- The ability to add laterals is key when thinking ahead, as well as for field adjustability.
- As weakness progresses, you can adjust the back support to stabilize them where they need it, and prevent abnormal postures of the spine.
Consider supporting the upper extremities.
- By adding an upper extremity support you will be able to decrease internal rotation of the shoulders which pull the trunk into forward flexion.
- Proper upper extremity positioning can also decrease the risk of shoulder subluxation that can occur with progressive weakness
Consider the future need for a ventilator.
- The power wheelchair base chosen needs to be able to accommodate the extra weight and space required for a ventilator.
Once again, the theme is: KNOW YOUR DIAGNOSIS AND THINK AHEAD!
Whether we are talking about progressive weakness, impaired sensation, decreased respiration or communication, the key is to choose adjustable components. If you can adjust a wheelchair seat support or a wheelchair back support to increase comfort and stability, you won’t have to figure out a way to justify a new piece of equipment when their condition changes!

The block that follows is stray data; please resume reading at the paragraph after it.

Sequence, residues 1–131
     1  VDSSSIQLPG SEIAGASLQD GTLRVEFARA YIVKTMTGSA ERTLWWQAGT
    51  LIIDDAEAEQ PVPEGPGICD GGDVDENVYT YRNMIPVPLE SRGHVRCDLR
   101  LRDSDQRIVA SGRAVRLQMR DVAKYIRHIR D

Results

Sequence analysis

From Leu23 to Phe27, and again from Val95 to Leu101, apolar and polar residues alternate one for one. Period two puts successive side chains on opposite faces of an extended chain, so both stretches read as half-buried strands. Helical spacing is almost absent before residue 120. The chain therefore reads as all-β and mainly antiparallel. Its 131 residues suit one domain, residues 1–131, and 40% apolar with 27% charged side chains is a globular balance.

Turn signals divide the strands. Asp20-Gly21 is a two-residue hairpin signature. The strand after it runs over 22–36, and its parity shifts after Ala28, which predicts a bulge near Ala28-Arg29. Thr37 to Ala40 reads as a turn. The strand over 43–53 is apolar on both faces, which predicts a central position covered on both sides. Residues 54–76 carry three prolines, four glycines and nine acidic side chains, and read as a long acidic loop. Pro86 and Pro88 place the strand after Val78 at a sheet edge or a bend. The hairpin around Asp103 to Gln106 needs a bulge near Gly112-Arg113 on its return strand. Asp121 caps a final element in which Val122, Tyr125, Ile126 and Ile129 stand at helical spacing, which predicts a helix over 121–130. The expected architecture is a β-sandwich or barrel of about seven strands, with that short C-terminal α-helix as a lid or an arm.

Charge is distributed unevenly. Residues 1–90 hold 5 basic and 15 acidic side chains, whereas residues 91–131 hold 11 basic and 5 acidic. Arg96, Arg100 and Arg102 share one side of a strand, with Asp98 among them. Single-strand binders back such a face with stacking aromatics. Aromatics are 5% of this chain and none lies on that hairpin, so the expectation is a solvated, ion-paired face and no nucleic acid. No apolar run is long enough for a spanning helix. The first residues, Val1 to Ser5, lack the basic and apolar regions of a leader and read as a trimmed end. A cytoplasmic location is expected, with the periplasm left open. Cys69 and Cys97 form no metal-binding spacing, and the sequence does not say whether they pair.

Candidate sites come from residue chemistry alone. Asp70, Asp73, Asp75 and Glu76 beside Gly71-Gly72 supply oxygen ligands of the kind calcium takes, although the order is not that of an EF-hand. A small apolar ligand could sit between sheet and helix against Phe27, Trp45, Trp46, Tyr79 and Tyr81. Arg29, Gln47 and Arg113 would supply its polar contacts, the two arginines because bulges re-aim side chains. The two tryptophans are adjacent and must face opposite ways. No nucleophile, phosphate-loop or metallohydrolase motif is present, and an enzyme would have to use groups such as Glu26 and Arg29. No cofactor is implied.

By factoring in adjustability when using a power base, you have made it possible to choose other manufacturers' seating components if needed. Don’t be afraid to consult with your ATP to find out all the options to best serve your client in the long run.
Stacey Mullis, OTR/ATP
Director of Clinical Marketing
Stacey is Director of Clinical Marketing. She graduated from Western University in London, Ontario, Canada with a BA Linguistics and BSc Occupational Therapy and has practiced as an OTR for over 20 years. With experience in pediatrics, inpatient/outpatient rehabilitation, long term care, and home health, Stacey has faced the challenges first hand of providing appropriate seating in various clinical settings. This led her to pursue an apprenticeship at Care Partners Seating Clinic in Asheville, NC to advance her skills, and she obtained her ATP certification in 2012. Mullis is a member of the NCOTA, CTF, NRRTs, RESNA, and AOTA.